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2 June 2016
It still reads very proudly; Meads played for his country over a span of 15 seasons; No one played longer. His full record of first-class rugby is listed here.
MEADS, Colin Earl born 3.6.1936 in Cambridge.
(Only Club; Waitete, Te Kuiti, New Zealand) Provincial games for King Country 1955(2)-56(6)-57(6)-58(9)-59(6)-60-61(7)-62(9)-63(10)-64(9)-65(10)-66(11)-67(11)-68(9)-69(10)-70-71(8)-72(14), Total for King Country 139 games, 31 tries, 1dropped goal, 99points;
For Combined Wanganui-King Country 1956(3)-65-66(2)-71, 3t; King Country-Counties 1959(2); Centurions Club 1956-57-58-61-70, 3t; WJ Whineray’s XV 1959-66, 1t; Barbarians Club (NZ) 1973(2); Harlequins Club (NZ) 1974; South African 75th Jubilee XV (in SA) 1964(3), 2t; NZRFU President’s XV 1973 (v NZ); NZRFU Invitation XV 1973 (v NZ); President’s Overseas XV (in England) 1971(3); Tongan Invitation XV (in Tonga) 1973(2), 2t; North Is Colts 1955; NZ Colts (U21) 1955(8), 3t; NZ Juniors Trial 1957; NZ Juniors (U23) 1958(10), 3t; Black XV 1957; North Is XV 1956; North Island 1956-57-58-59-62-63-65-66-67-68-69-71, 12g, 1t; NZ Trials 1956-57(2)-58-59-60(2)-62-63(4)-65-66-67(2)-68-69-70(2)-71(2), 22g, 4t; Rest of NZ 1956; A New Zealand XV 1958-65-66;
Full NEW ZEALAND games 1957(10)-58(3)-59(3)-60(23)-61(3)-62(8)-63(26)-64(3)-65(4)-66(4)-67(12)-68(13)-69(2)-70(15)-71(4), 133g (55 tests, 7t), 28t, 1c, 86pts. Career Match total of first class games: 361g, 81t, 1c, 1dg, 253pts.
A loose forward/lock. educated Te Kuiti Primary School and Te Kuiti High School,1st Played HS 1st XV 1950. A Farmer all his working life. King Country coach 1976-81. NZ selector 1986; NZRFU councillor 1992-96, Made NZRFU life member 2007. Awarded NZRU award of the Steinlager Salver 1999 for outstanding service to rugby. Inducted into International Rugby Hall of Fame 1997. In 1999 was voted the NZ rugby Player of the Century. In 2002 the NZRU introduced the Meads Cup for competition among the Heartland unions. Distinguished Companion of the NZ Order of Merit (DCNZM) 2000; Member of the British Empire (MBE) 1971. Knighted by Queen Elizabeth II 2009.
A biography Colin Meads – All Black, by Alex Veysey, was published 1974 and became a best seller. Another biography Meads by Brian Turner was published 2002. A third book the A-Z of Meads by Keith Quinn was published in 2010. A Brother of Stan, the 1961-66 All Black. A cousin of Brian and Sam who both played first class rugby. And father of Glynn who was an All Black trialist who played 113 games for King Country.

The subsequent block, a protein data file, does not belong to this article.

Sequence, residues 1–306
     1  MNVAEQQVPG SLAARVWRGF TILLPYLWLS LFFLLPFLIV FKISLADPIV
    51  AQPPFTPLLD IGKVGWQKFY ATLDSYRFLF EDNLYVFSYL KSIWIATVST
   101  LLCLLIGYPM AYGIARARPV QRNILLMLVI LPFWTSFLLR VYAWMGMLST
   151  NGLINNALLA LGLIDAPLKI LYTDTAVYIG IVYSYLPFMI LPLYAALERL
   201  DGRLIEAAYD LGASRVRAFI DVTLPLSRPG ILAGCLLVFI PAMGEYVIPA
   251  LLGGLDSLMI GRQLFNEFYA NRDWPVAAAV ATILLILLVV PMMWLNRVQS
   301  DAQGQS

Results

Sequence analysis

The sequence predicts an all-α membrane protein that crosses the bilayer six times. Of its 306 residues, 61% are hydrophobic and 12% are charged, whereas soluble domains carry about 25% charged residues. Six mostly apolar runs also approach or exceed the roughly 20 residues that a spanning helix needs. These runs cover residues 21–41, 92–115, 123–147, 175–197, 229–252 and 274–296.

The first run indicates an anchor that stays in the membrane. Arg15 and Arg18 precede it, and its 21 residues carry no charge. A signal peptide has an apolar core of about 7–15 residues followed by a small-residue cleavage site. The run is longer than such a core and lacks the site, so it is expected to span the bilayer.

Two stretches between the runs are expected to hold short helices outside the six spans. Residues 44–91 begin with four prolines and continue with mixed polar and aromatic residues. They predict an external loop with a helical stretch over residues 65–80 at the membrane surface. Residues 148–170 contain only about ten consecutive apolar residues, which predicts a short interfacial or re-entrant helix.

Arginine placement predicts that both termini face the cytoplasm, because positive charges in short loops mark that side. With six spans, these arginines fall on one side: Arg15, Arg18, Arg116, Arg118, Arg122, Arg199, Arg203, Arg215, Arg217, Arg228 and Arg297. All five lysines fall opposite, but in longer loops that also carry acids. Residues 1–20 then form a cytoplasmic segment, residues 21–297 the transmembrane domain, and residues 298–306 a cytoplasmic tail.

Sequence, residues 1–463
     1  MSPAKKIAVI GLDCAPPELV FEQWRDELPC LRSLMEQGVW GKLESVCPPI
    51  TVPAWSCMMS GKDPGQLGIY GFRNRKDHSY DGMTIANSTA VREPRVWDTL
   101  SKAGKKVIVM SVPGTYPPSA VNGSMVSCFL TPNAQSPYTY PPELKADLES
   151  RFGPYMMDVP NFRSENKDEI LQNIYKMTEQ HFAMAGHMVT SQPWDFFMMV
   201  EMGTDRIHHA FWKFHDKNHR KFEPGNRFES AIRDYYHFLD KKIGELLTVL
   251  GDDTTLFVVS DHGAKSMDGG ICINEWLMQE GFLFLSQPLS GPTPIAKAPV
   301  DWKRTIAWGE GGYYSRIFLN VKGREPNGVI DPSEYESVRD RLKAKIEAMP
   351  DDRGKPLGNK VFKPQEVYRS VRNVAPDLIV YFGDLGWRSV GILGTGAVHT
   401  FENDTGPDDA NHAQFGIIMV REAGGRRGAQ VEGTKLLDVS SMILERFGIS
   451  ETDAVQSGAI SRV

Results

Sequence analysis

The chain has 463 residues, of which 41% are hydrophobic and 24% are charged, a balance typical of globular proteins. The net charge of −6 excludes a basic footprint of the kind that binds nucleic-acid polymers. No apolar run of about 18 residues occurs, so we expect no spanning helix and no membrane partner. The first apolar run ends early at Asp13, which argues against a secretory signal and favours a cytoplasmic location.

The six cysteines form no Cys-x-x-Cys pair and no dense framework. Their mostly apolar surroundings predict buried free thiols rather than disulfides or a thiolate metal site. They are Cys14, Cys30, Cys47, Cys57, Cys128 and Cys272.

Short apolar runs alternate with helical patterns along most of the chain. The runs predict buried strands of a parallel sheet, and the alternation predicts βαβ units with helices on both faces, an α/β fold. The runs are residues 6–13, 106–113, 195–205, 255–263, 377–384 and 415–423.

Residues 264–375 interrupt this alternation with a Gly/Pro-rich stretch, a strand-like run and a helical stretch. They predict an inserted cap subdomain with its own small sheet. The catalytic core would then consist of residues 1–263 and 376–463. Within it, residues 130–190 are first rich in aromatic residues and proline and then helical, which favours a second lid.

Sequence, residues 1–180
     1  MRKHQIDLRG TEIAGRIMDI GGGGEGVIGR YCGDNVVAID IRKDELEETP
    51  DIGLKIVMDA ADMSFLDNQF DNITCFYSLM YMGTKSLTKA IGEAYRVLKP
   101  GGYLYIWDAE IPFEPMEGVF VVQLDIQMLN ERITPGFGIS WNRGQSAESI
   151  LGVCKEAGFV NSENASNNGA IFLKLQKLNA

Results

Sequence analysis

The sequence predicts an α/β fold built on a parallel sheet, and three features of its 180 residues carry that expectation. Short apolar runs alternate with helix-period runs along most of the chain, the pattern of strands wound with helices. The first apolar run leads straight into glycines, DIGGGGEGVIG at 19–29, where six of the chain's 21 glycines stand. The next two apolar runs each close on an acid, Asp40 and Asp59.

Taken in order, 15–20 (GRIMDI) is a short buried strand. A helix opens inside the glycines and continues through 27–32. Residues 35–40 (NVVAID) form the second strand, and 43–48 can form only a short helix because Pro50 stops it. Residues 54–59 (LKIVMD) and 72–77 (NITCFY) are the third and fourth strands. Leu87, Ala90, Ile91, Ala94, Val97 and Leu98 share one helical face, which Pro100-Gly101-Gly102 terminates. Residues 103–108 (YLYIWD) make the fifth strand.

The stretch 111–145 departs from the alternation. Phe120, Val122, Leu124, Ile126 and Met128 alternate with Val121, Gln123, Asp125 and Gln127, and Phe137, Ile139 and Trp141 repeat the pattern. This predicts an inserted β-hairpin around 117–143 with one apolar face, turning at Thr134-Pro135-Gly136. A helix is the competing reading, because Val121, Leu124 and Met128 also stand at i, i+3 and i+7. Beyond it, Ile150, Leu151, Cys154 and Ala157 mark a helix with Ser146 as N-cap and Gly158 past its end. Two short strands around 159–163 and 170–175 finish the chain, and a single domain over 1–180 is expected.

Marty Berry came on v Australia at Eden Park in a losing Bledisloe Cup game for just 18 seconds. But his other midweek games for the ABs spread over 7 seasons.
Newport and Wales
1 international for Wales 1967
A player who is an example from rugby that because of one mistake made in one game a stigma can be attached to a name throughout a playing career.
John Jeffrey was a 22-year-old student who, in 1967, was selected for the first time to play for Wales in an important game against New Zealand.Sadly for Jeffrey he made a mistake. Early in the second half of a tension-filled game the All Blacks took a shot at goal into a howling Cardiff wind. As the kick came down short of the posts, young Jeffrey kept his appointment with destiny. He caught the ball then flung an erratic pass over his head as the All Black tacklers stormed down on him. The ball flew to open ground and a New Zealander, Bill Davis, following up quickly, dived on it to score.
Wales lost the game 6–13 and the Welsh selectors knew who to make their scapegoat. They dropped Jeffrey from their team and he was never asked to play for Wales in an international again.
Years later there were claims that Jeffrey’s play as a No. 8 was never realistically assessed; many lesser players were given better chances to prove themselves in the international arena. But it is not widely remembered that Jeffrey toured Argentina with the Welsh team in 1968. He also played for the Barbarians on tour in South Africa in 1969 and for them against South Africa at Cardiff in January 1970.
Jeffrey’s inclusion here in this listing is, perhaps, a reminder that the vagaries of selectorial whim and hasty judgments both on and off the field can make or break a rugby player, no matter how good he might be.
In the decade from the 1960s through to the fourth test of 1970 the All Blacks played exactly 100 test matches. What % did they win?
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